My memory of Dvorak was mostly painful, not only about the shortcuts that were way off, but also the shift to Dvorak is quite a pretty steep one. Dvorak and QWERTY layout are completely different. Learning something new by itself is not easy, but the harder part was to un-learn things that you learn by your muscle memory.
I think also, part of the problem was due to the fact that I went "cold-turkey" by switching everything completely at once. This means that my day-to-day work was also affected. I basically turned my coding on the day time to be a task like climbing Mt Fuji ⛰. My 5-10 minutes tasks were turned into half-and-hour work. (I don't even remember how was my 30 min -1 hour work was turned into ... 🤣)
After full solid 2-3 weeks, I came to realize that it was enough, I completely stopped using it. I switched back to QWERTY and I felt like a breeze. Ironically, however, I got some benefits gain from leaning Dvorak which is proper "touch-typing". I quickly learned that in order to make the most use of it, I needed to do "touch-typing" correctly in order to gain the most benefits. Without that, Dvorak dosen't make too much sense. Later, I learned that knowing your fingers' positions and learn how to press correctly is really important in typing fast regardless of the layout of your choice.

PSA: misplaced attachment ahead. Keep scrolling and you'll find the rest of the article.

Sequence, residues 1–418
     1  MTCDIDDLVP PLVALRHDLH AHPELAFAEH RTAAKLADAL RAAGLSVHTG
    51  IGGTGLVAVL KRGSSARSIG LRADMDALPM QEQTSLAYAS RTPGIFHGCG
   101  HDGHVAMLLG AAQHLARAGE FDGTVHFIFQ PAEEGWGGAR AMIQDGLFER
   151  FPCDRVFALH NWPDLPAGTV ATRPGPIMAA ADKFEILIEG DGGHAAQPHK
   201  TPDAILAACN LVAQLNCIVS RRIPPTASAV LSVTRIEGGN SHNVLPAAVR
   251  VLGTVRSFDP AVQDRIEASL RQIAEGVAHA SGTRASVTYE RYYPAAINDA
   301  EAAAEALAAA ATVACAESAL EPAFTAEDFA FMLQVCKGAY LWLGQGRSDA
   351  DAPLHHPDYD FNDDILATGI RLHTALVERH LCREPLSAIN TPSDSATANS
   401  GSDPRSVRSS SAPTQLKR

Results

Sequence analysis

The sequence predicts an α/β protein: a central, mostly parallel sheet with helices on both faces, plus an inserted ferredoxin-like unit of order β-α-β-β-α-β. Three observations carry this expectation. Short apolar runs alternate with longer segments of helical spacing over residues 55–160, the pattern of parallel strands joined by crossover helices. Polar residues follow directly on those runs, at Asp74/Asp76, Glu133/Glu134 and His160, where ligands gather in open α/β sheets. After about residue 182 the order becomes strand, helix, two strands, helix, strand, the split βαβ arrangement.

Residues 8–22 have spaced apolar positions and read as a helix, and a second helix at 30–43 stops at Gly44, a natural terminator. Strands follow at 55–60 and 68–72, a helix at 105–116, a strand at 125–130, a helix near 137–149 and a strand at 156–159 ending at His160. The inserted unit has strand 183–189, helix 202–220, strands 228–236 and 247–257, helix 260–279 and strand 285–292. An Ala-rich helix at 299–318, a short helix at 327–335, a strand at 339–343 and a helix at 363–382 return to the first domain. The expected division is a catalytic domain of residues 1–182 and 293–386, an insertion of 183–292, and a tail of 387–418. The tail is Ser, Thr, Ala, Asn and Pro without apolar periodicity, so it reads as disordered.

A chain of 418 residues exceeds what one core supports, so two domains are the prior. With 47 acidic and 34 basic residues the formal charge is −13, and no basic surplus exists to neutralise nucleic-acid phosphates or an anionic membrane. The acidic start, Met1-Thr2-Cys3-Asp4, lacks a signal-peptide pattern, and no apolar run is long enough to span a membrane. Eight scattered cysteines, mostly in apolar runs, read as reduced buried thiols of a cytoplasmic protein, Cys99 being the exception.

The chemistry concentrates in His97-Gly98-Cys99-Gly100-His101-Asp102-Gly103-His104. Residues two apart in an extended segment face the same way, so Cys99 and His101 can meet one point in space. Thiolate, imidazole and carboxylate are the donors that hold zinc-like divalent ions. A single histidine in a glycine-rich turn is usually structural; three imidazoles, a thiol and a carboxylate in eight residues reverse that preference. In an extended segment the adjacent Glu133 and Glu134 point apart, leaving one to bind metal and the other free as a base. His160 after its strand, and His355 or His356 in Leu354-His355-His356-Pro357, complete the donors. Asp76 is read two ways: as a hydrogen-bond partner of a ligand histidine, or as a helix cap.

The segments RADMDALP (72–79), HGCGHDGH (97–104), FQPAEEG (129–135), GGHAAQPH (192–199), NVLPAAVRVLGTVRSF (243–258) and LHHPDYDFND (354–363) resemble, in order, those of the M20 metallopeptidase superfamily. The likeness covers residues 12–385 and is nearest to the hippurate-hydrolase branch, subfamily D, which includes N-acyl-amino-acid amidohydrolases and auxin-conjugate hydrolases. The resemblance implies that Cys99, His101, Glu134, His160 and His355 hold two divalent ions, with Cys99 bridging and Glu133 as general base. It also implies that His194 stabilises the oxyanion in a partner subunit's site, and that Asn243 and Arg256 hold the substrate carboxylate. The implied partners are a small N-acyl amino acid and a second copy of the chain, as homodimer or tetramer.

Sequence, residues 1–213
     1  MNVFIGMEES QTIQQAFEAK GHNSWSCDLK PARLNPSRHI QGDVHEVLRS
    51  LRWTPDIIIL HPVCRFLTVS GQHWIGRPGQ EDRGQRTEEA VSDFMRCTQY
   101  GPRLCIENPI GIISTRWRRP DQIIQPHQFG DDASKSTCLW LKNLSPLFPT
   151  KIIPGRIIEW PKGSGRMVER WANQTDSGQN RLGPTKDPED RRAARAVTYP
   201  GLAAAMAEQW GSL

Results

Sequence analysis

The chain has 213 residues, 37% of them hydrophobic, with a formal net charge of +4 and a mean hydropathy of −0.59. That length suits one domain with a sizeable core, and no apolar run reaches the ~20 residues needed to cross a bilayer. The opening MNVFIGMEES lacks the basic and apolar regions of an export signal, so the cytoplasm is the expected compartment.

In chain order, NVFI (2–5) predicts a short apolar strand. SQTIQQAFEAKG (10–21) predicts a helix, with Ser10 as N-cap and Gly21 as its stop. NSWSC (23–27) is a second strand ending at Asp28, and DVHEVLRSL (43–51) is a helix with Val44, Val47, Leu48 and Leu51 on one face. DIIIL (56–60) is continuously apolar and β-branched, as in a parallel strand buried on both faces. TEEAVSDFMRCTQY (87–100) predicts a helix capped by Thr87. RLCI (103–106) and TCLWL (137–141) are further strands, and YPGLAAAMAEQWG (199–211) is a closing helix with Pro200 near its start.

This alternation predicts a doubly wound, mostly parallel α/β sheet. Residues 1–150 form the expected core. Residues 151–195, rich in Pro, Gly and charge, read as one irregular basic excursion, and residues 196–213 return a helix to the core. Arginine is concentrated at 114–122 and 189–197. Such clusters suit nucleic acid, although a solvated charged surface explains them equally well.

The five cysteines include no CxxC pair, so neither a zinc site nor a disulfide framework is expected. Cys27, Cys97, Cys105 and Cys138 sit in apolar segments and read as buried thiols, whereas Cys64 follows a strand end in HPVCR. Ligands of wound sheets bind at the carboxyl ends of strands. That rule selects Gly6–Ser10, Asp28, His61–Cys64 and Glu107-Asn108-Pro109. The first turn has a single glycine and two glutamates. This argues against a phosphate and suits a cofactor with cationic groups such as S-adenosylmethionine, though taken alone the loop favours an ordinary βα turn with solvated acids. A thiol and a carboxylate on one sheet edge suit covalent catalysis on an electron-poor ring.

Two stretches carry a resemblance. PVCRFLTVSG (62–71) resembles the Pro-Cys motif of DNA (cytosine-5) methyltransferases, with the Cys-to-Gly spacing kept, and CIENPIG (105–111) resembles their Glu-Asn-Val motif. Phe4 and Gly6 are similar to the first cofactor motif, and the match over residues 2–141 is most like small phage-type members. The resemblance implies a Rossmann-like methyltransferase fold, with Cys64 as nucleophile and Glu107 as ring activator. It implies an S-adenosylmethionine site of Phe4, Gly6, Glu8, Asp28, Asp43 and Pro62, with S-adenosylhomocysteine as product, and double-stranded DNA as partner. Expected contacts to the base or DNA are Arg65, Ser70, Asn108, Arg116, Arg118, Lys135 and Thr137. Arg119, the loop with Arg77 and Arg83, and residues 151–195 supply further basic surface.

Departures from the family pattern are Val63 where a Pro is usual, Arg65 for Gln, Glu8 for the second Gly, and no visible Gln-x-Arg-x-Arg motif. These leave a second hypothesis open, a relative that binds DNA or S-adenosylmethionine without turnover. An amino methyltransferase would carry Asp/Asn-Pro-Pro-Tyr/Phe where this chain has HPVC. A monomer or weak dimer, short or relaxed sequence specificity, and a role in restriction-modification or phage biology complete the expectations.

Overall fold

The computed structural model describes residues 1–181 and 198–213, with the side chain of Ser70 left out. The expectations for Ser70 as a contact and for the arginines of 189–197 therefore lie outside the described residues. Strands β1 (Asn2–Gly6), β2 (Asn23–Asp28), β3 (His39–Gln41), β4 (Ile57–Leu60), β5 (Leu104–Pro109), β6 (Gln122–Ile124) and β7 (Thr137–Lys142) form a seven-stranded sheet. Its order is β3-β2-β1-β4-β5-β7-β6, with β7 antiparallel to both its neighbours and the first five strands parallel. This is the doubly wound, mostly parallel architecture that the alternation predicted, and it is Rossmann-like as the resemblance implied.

Even though, my attempt on Dvorak was an epic failure, I got one skill that stuck with me until today which is learning proper touch-typing. 💡
Another attempt - Colemak
Back in 2014, I started to wonder what I should do to improve my day-to-day job again to be more pleasant. (I guess I ran out of others things to optimize 🤣) Believe it or not, while I was cleaning my lovely second mechanical keyboard, I wanted to switch away from QWERTY agian but I had bad experience with trying out Dvorak, why would this time be different, so I stopped my thought right there.
While I was working normally, one day I got a pain on my wrist. I went to see doctor and he analyzed that I put too much stress on my little fingers on my right hand. I started wondering what could I do to improve my typing habit and my idea of switching to another layout arose again.